What Are the Objectives of Financial Accounting?

Financial accounting is the process by which an organization's revenue, receivables and expenses are collected, measured, recorded and finally reported into a financial statement. This process is designed to accurately reflect business activity; help companies meet legal, fiscal and statutory requirements; present financial accounts to business owners; allow for in-depth financial analysis; and facilitate efficient resource allocation. The main purpose of financial accounting is to allow third parties to assess the value of a company.

Across financial accounting, companies have two basic ways that they can structure their business’s accounting policy. Publicly traded companies must use the accrual accounting method which is standardized under generally accepted accounting principles (GAAP). The accrual method reports revenues as they are accrued as opposed to when they are received and expenses are reported as they are incurred rather than when they are paid. Many private companies also use GAAP but they are not required to do so. Private companies also have the option to use the cash accounting method.

The Purpose of Financial Statements

In a practical sense, the main objective of financial accounting is to accurately prepare an organization's financial accounts for a specific period, otherwise known as financial statements. The three primary financial statements are the income statement, the balance sheet and the statement of cash flows.

A company’s financial statements serve several purposes. They provide important information to shareholders and loan creditors, which can help to improve investment interest. The financial statements are used internally by management to manage both the current operations and future activities of the firm. The financial statements also provide information for all types of investors to prepare an analysis using trends, ratios and industry comparisons.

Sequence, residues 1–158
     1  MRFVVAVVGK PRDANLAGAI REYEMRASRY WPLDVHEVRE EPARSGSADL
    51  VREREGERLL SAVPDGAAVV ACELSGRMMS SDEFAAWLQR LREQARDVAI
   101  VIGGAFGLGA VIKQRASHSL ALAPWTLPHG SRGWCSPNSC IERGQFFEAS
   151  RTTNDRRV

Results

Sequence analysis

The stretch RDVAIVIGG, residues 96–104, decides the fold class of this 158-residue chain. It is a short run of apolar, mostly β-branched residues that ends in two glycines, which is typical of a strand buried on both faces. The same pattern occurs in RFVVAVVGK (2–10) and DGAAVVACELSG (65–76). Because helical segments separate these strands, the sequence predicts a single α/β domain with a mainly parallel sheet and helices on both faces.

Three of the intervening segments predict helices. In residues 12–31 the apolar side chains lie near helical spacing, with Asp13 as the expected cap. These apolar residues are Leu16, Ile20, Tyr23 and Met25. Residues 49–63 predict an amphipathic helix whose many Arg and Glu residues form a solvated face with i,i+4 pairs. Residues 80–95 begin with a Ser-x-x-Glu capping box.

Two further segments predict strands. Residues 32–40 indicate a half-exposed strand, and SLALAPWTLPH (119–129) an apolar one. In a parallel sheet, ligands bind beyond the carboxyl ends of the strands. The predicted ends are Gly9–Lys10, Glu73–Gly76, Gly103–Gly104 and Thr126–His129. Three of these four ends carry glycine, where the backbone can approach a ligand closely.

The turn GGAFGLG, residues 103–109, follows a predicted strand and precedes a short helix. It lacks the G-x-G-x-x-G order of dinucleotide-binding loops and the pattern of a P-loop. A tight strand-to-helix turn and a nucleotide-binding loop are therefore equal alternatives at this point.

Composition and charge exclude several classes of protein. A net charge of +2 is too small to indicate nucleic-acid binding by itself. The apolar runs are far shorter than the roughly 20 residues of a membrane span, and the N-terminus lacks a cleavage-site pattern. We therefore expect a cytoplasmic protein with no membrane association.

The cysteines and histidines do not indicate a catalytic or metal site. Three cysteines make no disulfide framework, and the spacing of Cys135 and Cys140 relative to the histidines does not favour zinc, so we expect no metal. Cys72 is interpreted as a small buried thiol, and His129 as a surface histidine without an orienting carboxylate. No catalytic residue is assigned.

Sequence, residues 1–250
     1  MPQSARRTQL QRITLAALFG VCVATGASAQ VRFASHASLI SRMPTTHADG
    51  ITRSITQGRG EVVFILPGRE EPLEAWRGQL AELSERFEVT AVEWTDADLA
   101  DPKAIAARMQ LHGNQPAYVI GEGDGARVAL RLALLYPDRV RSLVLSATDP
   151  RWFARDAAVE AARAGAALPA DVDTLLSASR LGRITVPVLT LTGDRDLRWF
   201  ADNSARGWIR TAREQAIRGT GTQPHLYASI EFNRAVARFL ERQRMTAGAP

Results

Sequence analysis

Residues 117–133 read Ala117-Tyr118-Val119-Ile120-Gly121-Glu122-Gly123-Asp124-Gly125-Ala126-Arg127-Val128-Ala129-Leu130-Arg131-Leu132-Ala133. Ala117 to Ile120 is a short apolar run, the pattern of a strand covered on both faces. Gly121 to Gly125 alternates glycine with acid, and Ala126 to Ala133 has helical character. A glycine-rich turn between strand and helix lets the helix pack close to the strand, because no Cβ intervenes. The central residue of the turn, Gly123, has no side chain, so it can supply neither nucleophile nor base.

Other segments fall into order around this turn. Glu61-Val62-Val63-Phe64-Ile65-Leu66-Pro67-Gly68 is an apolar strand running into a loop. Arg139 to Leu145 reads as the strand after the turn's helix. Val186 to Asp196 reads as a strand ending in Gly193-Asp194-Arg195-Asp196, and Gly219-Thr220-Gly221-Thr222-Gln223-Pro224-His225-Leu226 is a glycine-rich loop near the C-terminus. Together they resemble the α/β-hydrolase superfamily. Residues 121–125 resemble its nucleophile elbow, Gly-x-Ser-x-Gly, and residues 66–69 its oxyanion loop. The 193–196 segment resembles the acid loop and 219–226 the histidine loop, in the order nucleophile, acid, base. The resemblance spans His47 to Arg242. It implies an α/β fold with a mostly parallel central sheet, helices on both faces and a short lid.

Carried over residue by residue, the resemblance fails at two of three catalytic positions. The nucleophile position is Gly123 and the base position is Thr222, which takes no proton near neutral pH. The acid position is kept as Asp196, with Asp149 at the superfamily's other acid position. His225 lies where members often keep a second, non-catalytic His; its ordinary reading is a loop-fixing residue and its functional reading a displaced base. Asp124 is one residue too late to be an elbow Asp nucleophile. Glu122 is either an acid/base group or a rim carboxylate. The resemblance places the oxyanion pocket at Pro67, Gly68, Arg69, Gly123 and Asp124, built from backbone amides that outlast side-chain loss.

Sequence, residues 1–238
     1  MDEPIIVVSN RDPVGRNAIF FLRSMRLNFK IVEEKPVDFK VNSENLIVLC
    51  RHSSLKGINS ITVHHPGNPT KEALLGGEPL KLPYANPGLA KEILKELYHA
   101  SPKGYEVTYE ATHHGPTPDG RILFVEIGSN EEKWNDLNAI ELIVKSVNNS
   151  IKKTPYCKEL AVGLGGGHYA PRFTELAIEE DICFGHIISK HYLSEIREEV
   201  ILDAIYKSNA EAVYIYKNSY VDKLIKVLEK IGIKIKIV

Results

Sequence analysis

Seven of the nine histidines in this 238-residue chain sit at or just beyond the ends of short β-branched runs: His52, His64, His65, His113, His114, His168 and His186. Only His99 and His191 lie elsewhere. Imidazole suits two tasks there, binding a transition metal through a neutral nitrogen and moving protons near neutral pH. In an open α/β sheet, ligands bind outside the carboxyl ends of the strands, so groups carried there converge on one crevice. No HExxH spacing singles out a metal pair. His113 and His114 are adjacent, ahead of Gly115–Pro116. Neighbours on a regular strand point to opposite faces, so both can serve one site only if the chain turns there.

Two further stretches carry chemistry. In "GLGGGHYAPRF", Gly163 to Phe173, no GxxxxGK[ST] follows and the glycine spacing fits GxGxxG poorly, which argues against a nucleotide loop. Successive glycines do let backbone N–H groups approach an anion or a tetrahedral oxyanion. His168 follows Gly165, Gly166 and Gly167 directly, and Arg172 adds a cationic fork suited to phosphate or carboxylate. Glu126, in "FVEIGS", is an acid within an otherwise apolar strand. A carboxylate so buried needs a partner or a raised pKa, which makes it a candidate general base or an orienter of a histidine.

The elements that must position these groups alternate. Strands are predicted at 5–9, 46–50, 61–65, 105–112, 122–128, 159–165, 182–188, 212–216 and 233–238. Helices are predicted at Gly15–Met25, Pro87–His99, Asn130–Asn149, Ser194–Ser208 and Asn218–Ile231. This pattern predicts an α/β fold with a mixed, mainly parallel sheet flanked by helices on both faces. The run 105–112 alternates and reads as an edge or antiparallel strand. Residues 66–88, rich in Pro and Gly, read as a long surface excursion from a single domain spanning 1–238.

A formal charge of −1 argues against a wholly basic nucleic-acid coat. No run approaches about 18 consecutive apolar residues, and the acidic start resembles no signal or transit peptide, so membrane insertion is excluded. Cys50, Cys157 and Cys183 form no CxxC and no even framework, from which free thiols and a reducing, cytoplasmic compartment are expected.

The American Institute of Certified Public Accountants (AICPA)

The American Institute of Certified Public Accountants (AICPA) is an industry-leading organization in the area of financial accounting. They have over 431,000 members worldwide. The AICPA is a leading source for research and alerts on topics of interest in the accounting profession. The AICPA is also responsible for developing and grading the Uniform CPA Exam.

In 1973, the AICPA released a study entitled "The Objectives of Financial Statements" which was conducted by the Trueblood Committee. The study was pivotal for the accounting industry with objectives adopted by the Financial Accounting Standards Board (FASB). The basis of the AICPA’s 1973 study reported that financial statements were primarily useful for helping multiple parties make financial decisions. The study was also released the same year that the FASB was created, which replaced the work of the AICPA in developing accounting standards for the accounting industry. Today financial accounting standards and objectives can be found through the FASB’s website.

Financial Reporting Standards

In the United States, financial reporting standards are set forth by the FASB and required under GAAP for publicly traded companies. The FASB is contracted out by the Securities and Exchange Commission (SEC) to control the approved methods and applications of financial accounting.  Following these reporting standards makes it easier for individuals to understand the financial statements of various companies, as they are presented in the same manner and therefore easier to follow.

Financial accounting is normally performed by those individuals who have studied the methods, concepts, history, and laws related to its practice. In the U.S., these individuals are referred to as certified public accountants (CPA). The SEC requires that public companies annually report their financial statements and that this reporting is done by an impartial third party, which is where CPAs come in to play. This ensures that the financial statements have been properly created under all required policies.

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  1. Financial Accounting Foundation. "GAAP and Public Companies."

  2. Internal Revenue Service. "Publication 538: Accounting Periods and Methods."

  3. American Instituted of Certified Public Accountants. "About the AICPA."

  4. American Instituted of Certified Public Accountants. "Objectives of Financial Statements."

  5. American Instituted of Certified Public Accountants. "Objectives of Financial Statements," Page 13.

  6. Financial Accounting Standards Board. "About the FASB."

  7. U.S. Securities and Exchange Commission. "Testimony Concerning the Roles of the SEC and the FASB in Establishing GAAP."

  8. U.S. Securities and Exchange Commission. "Securities Exchange Act of 1934."

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